Treasury Board said that, “starting October 6, 2021, employees will be onboarded in phases to provide their vaccine attestation through a secure online system, and they must do so by October 29, 2021.”

Public servants will need to login to the new online system called “GC-VATS” (Government of Canada Vaccine Attestation Tracking System) and then follow a series of steps:

Values and ethics

Treasury Board emphasized that public servants, “have an obligation to provide true attestations.”

Making a false statement would constitute a breach of the Values and Ethics Code for the Public Sector and may result in disciplinary action up to and including termination. Attestations will be audited and managers can ask for proof of vaccination at any time.

– Treasury Board Backgrounder: COVID-19 vaccine requirement for the federal workforce

Privacy concerns

Unions expressed concern back in August over the privacy of public servants and how their rights would be respected.

Treasury Board reiterated that the collection of private information will be done in accordance with the Privacy Act and Policy on Privacy Protection:

The collection of all personal information from public servants will be done in accordance with the Privacy Act, the Policy on Privacy Protection and its related instruments. Data on vaccination rates within the federal public service is expected to be available in the coming weeks.

– Treasury Board Backgrounder: COVID-19 vaccine requirement for the federal workforce

Exemptions

Back in August, unions were also vocal about the government needing to provide accommodations for public servants who could not be vaccinated for reasons protected under human rights legislation.

In today’s announcement, Treasury Board said that exemptions will apply as, “Employees who are unable to be vaccinated based on a prohibited ground as defined under the Canadian Human Rights Act, such as a medical contraindication, may request accommodation.”

Leave without pay for those unwilling to disclose status / unwilling to get fully vaccinated

Then as of November 15, public servants will be placed on administrative leave without pay if:

  • their manager has determined that the duty to accommodate does not apply, and they remain unvaccinated; or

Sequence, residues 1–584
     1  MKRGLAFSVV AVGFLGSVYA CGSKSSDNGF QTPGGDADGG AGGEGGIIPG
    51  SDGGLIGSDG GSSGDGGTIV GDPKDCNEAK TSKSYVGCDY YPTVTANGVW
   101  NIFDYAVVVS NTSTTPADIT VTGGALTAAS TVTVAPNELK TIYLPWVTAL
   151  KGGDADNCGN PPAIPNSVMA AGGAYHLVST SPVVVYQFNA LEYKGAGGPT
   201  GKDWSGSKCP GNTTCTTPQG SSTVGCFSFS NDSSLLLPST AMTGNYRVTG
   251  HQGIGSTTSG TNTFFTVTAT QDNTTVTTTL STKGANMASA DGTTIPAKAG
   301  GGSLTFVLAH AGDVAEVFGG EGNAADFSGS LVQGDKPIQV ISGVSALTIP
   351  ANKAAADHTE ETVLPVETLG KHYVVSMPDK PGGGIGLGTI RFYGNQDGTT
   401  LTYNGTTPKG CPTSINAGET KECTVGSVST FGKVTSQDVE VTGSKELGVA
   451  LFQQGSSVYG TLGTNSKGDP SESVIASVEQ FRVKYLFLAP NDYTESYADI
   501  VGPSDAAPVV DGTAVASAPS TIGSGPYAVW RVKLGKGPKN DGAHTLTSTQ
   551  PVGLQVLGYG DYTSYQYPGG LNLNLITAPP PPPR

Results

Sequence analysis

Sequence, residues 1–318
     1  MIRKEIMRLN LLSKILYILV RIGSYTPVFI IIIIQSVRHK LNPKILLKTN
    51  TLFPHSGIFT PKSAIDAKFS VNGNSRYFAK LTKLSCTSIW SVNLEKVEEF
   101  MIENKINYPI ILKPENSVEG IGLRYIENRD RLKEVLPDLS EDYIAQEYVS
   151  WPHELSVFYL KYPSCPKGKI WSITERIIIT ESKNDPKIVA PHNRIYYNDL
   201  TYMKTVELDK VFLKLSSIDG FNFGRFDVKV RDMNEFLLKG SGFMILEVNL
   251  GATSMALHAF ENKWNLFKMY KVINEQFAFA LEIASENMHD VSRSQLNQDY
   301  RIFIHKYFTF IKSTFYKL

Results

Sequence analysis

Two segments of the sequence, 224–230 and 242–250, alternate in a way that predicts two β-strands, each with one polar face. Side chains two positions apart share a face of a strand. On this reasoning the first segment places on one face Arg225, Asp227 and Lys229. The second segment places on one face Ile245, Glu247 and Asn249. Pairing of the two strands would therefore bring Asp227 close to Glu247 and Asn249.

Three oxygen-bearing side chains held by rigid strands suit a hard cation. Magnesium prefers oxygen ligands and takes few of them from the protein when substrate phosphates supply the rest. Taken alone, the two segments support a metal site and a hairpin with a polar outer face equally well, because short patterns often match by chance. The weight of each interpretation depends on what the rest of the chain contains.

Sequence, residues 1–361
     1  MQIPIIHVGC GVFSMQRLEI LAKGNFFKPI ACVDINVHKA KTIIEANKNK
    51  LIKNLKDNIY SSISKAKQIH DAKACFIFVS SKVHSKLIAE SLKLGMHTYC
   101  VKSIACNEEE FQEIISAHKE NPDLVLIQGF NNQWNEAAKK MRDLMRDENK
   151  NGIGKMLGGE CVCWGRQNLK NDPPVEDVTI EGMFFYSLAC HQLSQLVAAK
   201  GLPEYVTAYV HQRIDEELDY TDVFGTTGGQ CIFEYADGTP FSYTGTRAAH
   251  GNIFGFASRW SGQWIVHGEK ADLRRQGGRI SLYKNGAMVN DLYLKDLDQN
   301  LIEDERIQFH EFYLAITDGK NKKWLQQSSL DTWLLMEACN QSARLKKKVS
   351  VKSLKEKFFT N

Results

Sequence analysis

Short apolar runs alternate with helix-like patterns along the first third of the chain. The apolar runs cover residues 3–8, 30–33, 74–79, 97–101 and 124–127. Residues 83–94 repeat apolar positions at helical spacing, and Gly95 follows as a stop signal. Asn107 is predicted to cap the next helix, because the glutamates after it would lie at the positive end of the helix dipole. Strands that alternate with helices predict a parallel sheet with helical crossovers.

• they are unwilling to be vaccinated; or
  • they are unwilling to attest to their vaccination status.

The official policy

The official policy policy on COVID-19 vaccination for the federal public service, including the RCMP can be found here.

Unions react

Despite Treasury Board saying today’s announcement was informed by input from unions, the Public Service Alliance of Canada (PSAC), one of the largest federal public service unions said that it wasn’t. They said, while they support a policy to vaccinate federal public servants, there was no meaningful consultation with unions and the policy falls short.

The Professional Institute of the Public Service of Canada (PIPSC) said that, “our primary concern is ensuring that all PIPSC members are in compliance.” PIPSC also linked to a form on their website to request help from the union in the event a public servant’s request for accommodation to be unvaccinated is denied.

Other links:

GC-VATS (the Government of Canada Vaccine Attestation Tracking System)

News release: Prime Minister announces mandatory vaccination for the federal workforce and federally regulated transportation sectors

Backgrounder: COVID-19 vaccine requirement for the federal workforce

PIPSC: Mandatory vaccination help form

PSAC: Federal government releases vaccination policy without proper consultation

Treasury Board announces intent to require mandatory COVID-19 vaccinations for public servants

Latest numbers of reported COVID-19 cases in the public service (September 29)

By COVID-19

The number of reported COVID-19 cases in the public service since reporting began now stands at 5,829 as of September 29. That’s 232 new cases since the previous report on September 9. The number of total reported cases has been:

  • 5,597 on September 9;
  • 5,470 on August 26;
  • 5,311 on July 29;
  • 5,297 on July 15;
  • 5,256 on June 16;
  • 5,194 on June 2;
  • 5,151 on May 26;
  • 5,091 on May 19;
  • 4,967 on May 12;
  • 4,785 on May 5;
  • 4,581 on April 28;
  • 4,314 on April 21;
  • 4,011 on April 14; and,
  • 3,751 on April 7.

The breakdown is by province and the top five areas with the highest reported cases continues to be:

National Capital Region: 1,585
Quebec (minus the NCR): 979
Alberta: 906
Ontario (minus the NCR): 854
British Columbia: 820

The amount of reported cases in the public service outside of Canada went up to 76.

Province, region or territoryReported cases
Alberta906
British Columbia820
Manitoba238
National Capital Region (NCR)1,585
New Brunswick21
Newfoundland and Labrador23
Northwest Territories7
Nova Scotia51
Nunavut2
Ontario (Minus NCR)854
Prince Edward Island2
Quebec (Minus NCR)979
Saskatchewan263
Yukon2
Outside of Canada76

Other links:

Reported cases of Coronavirus disease (COVID-19) in the federal public service